S.C. senator Wes Climer of Rock Hill, S.C. made it clear a Santee Cooper default would be disastrous for the state under any circumstances – referring to it as a potential “contagion” event.

Even Rankin seemed to agree with that assessment … to the extent he knew what the word “contagion” meant.

“I don’t understand that but it clearly makes sense,” he said.

Sheesh …

Contagion fears aside, Santee Cooper ratepayers are clearly going to be the ones paying for the utility’s ongoing negligence – again, assuming lawmakers don’t come to their senses and dump this anchor before it is too late.

Which brings us to the next round of questions …


Another lawmaker who didn’t hesitate to grill Santee Cooper on its financial particulars was newly elected senator Michael Johnson of Fort Mill, S.C.

According to Johnson, the energy prices the utility has been charging his regional electric cooperative are more than ten percent higher than the rates assessed by Duke Energy. Johnson wanted to know how the current “reform” bill would impact this discrepancy moving forward.

The initial response he received was opaque …

First, Santee Cooper lobbyist Geoff Penland tried to pass Johnson’s inquiry off by referring him to so-called “transparency” provisions in the legislature’s “reform” bill.

The senator wasn’t buying it …

“Your answer is that transparency is going to result in lower rates,” Johnson fired back. “I’m not sure that transparency alone is going to change the rate structure in South Carolina.”

Indeed it won’t …

Penland’s second attempt to get out of this box was quite illuminating, though.

“Right now Santee Cooper is in a rate freeze related to the Cook settlement,” he said, referring to a controversial class action agreement reached last year with its customers.

RELATED | Santee Cooper “Reform” Bill Looking Like Stalling Tactic

Wait … what does that agreement have to do with the rates Santee Cooper charges the state’s network of electric cooperatives? Particularly in connection with its debt?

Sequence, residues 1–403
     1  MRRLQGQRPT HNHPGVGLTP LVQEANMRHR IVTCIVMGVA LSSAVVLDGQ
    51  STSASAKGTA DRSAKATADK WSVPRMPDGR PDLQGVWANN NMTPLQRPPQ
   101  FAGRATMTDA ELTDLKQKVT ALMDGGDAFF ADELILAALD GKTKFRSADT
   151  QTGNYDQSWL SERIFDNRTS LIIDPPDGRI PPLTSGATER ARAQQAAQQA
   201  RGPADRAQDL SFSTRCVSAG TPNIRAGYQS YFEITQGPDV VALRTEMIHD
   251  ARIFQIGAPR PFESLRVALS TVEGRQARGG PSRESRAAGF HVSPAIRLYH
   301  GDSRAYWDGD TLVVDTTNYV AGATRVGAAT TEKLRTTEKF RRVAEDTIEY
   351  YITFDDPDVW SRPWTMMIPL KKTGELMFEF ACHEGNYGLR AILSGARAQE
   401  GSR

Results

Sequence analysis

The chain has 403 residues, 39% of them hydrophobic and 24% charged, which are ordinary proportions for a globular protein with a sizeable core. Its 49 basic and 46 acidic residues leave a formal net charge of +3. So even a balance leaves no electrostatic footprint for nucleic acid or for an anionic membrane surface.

“In terms of going forward, (the cooperatives) would have the ability to influence that more,” Penland said, seemingly implying that once the rate freeze was lifted, Santee Cooper would have more flexibility in addressing the price gap with the cooperatives.

The only way to achieve that “flexibility?” Higher rates ….

Like I said … it wound up being a very revealing exchange.

Look, I am glad lawmakers are finally questioning Santee Cooper about its debt – which simply cannot be addressed via “reform.” Still, it was disappointing to see the ongoing lack of concern for the utility’s ratepayers in these discussions. In fact, the only two lawmakers who seemed to have a real heart for what is happening to Santee Cooper customers were senators Marlon Kimpson of Charleston, S.C. and Margie Bright Matthews of Walterboro, S.C.

Both of these lawmakers impressed me with their questions … which always sought to bring the conversation back to the real-world ramifications of proposed policy changes on low-income ratepayers (who already pay a disproportionate percentage of their income on energy costs).

Kimpson and Matthews deserve credit for bringing these issues to light … and I certainly hope their concerns remain at the forefront of lawmakers’ thinking as the Santee Cooper debate advances.

ABOUT THE AUTHOR …

(Via: FITSNews)

Will Folks is the founding editor of the news outlet you are currently reading.

(SPONSORED CONTENT)